Yesterday there was an article about Horrible Histories author Terry Deary on the Guardian books page, in which he was quoted as saying that libraries are effectively past it. I disagree with that view, and wanted to address some of his points. You can read the article here if you haven’t seen it yet. His original comments are in the Sunderland Echo.
He was not attacking libraries themselves, but the founding concept of libraries – namely that people should have free access to books. This is on the grounds
“this is not the Victorian age, when we wanted to allow the impoverished access to literature. We pay for compulsory schooling to do that.”
There is so much wrong with that statement.
- Impoverished children, schooled or not, still don’t have much access to literature except from libraries. School libraries are by no means exhaustive, because they don’t have the space or resources to make it so, and I don’t have the impression poorer kids get given books as gifts either. Case in point – when I worked for the public library service, I took a bunch of kids and parents to a book shop in town as part of a reading initiative. Almost none of the children involved had ever set foot in a book shop, and one asked me when he would have to return the books he picked up there – the idea of book ownership was alien to him. Without the library, and the reading scheme, it probably would have remained so.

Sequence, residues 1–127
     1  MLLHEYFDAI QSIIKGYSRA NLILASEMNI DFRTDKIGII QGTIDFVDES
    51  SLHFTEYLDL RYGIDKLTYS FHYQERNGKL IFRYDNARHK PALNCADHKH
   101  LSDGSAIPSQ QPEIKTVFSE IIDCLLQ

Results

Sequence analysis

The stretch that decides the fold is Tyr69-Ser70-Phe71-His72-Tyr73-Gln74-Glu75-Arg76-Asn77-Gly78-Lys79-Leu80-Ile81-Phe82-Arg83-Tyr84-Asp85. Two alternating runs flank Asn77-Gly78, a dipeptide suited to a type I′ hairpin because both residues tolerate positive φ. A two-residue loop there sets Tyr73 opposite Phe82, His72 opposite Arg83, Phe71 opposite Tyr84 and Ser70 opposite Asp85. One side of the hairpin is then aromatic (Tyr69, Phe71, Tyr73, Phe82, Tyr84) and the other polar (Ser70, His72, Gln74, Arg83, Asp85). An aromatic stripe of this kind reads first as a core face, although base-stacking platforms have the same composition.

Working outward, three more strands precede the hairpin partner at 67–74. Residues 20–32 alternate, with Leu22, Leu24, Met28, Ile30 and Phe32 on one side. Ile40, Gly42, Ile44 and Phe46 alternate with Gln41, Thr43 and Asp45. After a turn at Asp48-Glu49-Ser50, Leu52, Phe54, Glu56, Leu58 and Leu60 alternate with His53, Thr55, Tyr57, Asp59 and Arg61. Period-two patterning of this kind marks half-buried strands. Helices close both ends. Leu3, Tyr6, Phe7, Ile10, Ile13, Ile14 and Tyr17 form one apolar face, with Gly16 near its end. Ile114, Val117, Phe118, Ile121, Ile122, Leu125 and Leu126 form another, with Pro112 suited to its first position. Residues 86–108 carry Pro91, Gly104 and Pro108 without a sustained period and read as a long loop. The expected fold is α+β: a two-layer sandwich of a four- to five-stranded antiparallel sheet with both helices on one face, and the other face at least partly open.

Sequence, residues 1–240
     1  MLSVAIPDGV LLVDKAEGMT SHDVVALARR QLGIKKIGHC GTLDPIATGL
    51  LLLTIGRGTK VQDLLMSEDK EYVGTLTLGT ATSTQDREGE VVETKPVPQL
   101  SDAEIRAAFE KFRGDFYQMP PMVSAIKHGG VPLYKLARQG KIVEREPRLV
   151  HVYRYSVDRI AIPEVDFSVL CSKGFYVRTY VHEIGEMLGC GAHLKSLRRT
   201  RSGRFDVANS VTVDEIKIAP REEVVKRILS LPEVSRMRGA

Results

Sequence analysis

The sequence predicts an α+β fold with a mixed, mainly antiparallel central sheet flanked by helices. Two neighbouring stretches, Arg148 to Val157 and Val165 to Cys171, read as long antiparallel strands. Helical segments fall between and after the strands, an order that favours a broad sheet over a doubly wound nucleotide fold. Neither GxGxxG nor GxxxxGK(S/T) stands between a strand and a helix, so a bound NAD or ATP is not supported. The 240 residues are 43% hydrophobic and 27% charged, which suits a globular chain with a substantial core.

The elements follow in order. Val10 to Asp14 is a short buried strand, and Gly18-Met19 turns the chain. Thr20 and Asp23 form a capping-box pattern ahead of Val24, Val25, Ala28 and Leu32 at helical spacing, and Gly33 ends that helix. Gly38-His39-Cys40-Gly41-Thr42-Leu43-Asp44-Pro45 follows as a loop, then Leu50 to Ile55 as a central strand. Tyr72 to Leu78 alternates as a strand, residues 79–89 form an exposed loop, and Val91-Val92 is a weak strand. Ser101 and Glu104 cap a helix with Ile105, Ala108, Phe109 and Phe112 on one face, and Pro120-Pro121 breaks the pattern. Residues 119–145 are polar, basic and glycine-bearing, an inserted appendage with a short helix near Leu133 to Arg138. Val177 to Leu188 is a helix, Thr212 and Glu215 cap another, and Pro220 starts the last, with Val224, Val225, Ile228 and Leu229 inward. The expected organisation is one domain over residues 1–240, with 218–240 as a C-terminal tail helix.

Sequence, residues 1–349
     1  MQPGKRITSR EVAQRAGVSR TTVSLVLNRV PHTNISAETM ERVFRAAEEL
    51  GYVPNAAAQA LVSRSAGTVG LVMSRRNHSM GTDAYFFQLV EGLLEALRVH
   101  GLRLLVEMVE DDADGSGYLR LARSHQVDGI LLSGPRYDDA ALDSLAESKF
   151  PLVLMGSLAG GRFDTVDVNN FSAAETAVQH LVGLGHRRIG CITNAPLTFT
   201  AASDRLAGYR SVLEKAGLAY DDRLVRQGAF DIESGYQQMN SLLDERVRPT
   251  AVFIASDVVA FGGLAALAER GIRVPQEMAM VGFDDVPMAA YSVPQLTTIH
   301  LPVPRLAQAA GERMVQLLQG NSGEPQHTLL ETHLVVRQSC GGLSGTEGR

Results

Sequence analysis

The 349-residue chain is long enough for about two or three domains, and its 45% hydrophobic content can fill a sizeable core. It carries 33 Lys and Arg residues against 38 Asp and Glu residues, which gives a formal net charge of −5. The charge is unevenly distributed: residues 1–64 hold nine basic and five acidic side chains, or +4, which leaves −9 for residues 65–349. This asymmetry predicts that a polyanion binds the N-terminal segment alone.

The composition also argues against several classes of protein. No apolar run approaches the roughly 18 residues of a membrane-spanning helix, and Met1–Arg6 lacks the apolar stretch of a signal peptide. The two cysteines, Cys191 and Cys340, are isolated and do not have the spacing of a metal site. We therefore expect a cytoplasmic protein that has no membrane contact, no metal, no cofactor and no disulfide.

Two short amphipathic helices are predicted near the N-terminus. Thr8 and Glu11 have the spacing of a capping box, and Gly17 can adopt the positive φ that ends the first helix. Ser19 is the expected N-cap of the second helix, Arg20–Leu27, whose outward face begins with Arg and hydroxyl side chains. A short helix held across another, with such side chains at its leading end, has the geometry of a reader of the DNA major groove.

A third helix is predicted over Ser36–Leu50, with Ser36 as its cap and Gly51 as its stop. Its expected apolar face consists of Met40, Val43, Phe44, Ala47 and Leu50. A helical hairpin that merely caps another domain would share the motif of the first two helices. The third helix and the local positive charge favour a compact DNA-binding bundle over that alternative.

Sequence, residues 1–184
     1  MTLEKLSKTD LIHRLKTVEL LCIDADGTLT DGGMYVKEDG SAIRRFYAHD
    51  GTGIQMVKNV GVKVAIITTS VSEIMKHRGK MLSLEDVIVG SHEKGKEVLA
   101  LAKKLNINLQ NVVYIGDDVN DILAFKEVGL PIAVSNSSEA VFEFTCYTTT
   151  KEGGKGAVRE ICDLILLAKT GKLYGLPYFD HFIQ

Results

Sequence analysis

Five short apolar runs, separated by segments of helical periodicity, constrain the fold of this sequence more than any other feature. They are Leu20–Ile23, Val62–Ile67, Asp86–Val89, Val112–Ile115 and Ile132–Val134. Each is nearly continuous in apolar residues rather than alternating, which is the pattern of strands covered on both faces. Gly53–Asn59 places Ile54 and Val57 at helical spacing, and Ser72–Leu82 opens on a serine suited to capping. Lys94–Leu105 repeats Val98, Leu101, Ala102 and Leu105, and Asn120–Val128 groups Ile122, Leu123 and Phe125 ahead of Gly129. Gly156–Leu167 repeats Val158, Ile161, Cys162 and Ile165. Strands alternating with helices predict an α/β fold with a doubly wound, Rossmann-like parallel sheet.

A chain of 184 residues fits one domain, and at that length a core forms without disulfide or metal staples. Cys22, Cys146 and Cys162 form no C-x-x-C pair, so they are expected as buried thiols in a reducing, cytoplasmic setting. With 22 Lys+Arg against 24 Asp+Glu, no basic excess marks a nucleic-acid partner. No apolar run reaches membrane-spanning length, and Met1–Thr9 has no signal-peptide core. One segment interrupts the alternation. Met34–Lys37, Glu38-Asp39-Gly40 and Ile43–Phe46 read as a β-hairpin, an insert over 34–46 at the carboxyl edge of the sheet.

- What about impoverished everyone else? Britain’s 2 million unemployed, for instance? Try finding the cash to pay for a new book when you’re scraping by on Job Seeker’s Allowance. I never could.
- What about other factors, like mobility? If you are elderly or infirm, you can probably access a mobile library or book run to give you some respite from your own four walls. But apparently people should not feel entitled to this kind of service, because…
Well because it’s not fair on writers, apparently. Mr Deary is quoted as saying,
“Authors, booksellers and publishers need to eat. We don’t expect to go to a food library to be fed.”
Someone hasn’t been keeping up to date with the news about hundreds of people turning to food banks, apparently. He goes on to say,
“what about the bookshops? The libraries are doing nothing for the book industry. They give nothing back, whereas bookshops are selling the book, and the author and the publisher get paid, which is as it should be.”
- Libraries do give something back, quite a lot in fact. There are developmental benefits, social benefits, the opportunity to access information for everyone. I wonder whether Terry has actually been in a library lately – the sheer scope of activity that happens in there is overwhelming. Libraries offer computer and social media classes, craft activities, youth work sessions with hard to reach kids, help with homework and job applications, and tons more – the borrowing of books is actually pretty secondary.
- Libraries and bookshops have coexisted perfectly fine for decades (the oldest bookshop in London, for instance, pre-dates the first UK public library by a century, and yet both still exist). The problem the industry seem to have been failing to deal with is technology – first in the form of online shopping, because sellers could afford to sell books much cheaper, and now in the form of eBooks which are cheaper to produce than hard copies.